Käppeli Digital's campaign monitoring toolbox
While Käppeli Digital regularly installs and operates automated monitoring solutions, the majority of their monitoring projects include campaign monitoring. For one-person surveying during monitoring tasks, Käppeli Digital AG uses the following Leica Geosystems equipment:
- Leica TS16 total station (and the previous model, the Leica TS15)
- Leica RTC360 3D laser scanner
- Leica LS15 digital level
- Leica CS20 field controller
This equipment makes up the ideal monitoring solution when combined with the following software:
- Leica GeoMoS Now! monitoring service
- Leica Captivate 3D field software
- Leica Cyclone 3DR point cloud management and analysis software
Interesting projects for a wide range of customers
- Long-term monitoring since 2017: This project involves a rail track area survey of approximately 1.3 kilometres, including the displacement of the mast points using a Leica Nova MS50 MultiStation. Surveyors conduct settlement measurements of the mast points using a Leica LS15 digital level, measure the change in inclination with a high-precision inclinometer and evaluate the data using Leica GeoMoS Now!
- Track survey (settlement measurement): This project measured position changes using permanently mounted measuring prisms on the rail sleepers and catenary supports with subsequent analysis of the measurements in Leica GeoMoS Now!
Monitoring pillars in an underground mine:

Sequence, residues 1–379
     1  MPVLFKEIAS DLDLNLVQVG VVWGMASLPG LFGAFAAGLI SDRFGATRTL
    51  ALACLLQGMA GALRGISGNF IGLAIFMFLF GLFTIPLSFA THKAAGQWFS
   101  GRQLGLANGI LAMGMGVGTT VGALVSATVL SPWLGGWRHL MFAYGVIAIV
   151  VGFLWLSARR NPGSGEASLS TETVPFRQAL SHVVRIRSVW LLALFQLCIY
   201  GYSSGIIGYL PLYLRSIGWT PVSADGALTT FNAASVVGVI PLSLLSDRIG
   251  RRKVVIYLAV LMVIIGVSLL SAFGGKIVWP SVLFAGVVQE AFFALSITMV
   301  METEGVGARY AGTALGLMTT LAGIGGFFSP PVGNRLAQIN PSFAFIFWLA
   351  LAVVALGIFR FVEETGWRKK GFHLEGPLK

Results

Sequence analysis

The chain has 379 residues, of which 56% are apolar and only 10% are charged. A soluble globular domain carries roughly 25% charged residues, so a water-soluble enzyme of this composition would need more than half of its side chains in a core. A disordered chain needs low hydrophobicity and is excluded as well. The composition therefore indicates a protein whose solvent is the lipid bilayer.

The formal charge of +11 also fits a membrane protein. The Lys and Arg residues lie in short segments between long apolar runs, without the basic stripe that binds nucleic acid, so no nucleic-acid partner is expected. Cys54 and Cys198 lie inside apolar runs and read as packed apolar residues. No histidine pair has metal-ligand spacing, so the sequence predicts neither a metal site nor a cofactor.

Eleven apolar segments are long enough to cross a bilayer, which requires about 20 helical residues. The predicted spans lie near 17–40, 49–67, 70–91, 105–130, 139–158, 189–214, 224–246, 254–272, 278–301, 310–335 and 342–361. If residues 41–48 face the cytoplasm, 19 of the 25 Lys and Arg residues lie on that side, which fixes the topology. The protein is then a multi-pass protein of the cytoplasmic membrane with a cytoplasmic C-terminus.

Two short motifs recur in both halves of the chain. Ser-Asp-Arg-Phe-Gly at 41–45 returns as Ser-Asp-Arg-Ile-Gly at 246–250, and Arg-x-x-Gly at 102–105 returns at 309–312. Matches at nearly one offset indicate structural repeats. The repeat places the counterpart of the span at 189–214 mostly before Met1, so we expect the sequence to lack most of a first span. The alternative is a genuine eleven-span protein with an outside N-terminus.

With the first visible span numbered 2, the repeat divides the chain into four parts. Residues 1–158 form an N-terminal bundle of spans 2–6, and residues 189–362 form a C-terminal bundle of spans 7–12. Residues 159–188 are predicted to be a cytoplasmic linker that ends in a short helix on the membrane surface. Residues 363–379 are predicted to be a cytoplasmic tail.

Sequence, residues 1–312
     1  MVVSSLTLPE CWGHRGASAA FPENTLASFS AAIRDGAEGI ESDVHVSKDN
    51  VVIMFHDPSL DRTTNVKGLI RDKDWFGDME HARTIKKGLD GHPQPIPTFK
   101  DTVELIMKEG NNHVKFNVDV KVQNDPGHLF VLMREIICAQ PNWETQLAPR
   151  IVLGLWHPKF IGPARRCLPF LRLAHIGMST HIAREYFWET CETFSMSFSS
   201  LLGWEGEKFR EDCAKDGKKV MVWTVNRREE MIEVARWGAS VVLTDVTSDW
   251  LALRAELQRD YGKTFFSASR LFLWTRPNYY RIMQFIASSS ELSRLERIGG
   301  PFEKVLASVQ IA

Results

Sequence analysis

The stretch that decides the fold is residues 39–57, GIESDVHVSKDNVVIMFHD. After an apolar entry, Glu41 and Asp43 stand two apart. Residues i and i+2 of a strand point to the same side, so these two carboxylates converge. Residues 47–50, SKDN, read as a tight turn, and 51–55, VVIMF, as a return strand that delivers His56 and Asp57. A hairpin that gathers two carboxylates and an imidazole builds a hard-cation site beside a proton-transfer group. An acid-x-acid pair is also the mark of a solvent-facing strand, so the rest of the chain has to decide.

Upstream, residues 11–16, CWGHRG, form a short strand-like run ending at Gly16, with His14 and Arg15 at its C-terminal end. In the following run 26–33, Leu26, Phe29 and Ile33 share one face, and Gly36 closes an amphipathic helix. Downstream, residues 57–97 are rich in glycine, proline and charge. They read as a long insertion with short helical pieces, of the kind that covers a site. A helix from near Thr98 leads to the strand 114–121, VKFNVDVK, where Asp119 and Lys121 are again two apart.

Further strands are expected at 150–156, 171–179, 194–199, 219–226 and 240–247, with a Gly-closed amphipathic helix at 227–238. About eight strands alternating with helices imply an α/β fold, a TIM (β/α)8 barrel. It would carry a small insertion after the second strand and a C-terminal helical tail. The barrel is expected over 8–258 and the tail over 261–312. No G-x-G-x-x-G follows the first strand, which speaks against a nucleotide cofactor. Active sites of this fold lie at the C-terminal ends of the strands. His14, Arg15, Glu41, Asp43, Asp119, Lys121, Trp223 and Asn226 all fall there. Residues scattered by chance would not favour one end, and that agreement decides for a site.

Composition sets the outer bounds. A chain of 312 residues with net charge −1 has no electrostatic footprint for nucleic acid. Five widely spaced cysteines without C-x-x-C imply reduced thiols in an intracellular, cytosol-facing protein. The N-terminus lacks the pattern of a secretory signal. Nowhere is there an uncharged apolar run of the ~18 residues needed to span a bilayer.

The pillars in an underground mine were scanned with a Leica RTC360 3D-laser scanner. Then a point cloud was meshed and compared to current scans using Leica Cyclone 3DR for point cloud management and analysis.
- New build: The project checked recently constructed buildings for settlement with a Leica LS15 digital level and the data was analysed in Leica GeoMoS Now!
- Extending a silo plant: A total station was used with fixed prisms to measure the settlement of the existing tower. The data was imported into Leica GeoMoS Now! for analysis.
- Monitoring of excavation work: The total station, measuring prisms and GeoMoS Now! combination described above was used to monitor ground anchors.
- Settlement monitoring of adjacent structures: Construction projects can impact adjacent buildings. To ensure safety, measurements are carried out with Total Stations on measuring prisms and analysed in monitoring software.
- Track underpinning: When pipelines are constructed under railway tracks, the settlement measurement is crucial for continuing the work safely. For this, Käppeli Digital uses a Leica LS15 digital level and analyses the data in Leica GeoMoS Now!
An excavation pit, which was open for 6 months, had a depth of up to 12 metres. The soldier pile wall, which prevented soil from sliding into the excavation pit, consisted of shoring systems with retaining and sheet-pile walls. Käppeli Digital’s surveyors monitored the bracing of the retaining wall using MultiStation measurements of fixed prisms and analysed the data with Leica GeoMoS Now!
Käppeli Digital: The digital future of the construction industry
In campaign and automated monitoring, digitalisation plays a key role in the solutions Käppeli Digital offers to clients in the construction industry. From automated total stations enabling repeated and consistent measurements, to sophisticated monitoring software that enables robust analysis, informative reports and timely alerts, digitalisation in monitoring is key to Käppeli Digital’s strategy now and as they grow their business into the future.
Interested in monitoring? Please feel free to read further case studies, showing how our customers use our solution to improve their monitoring workflow: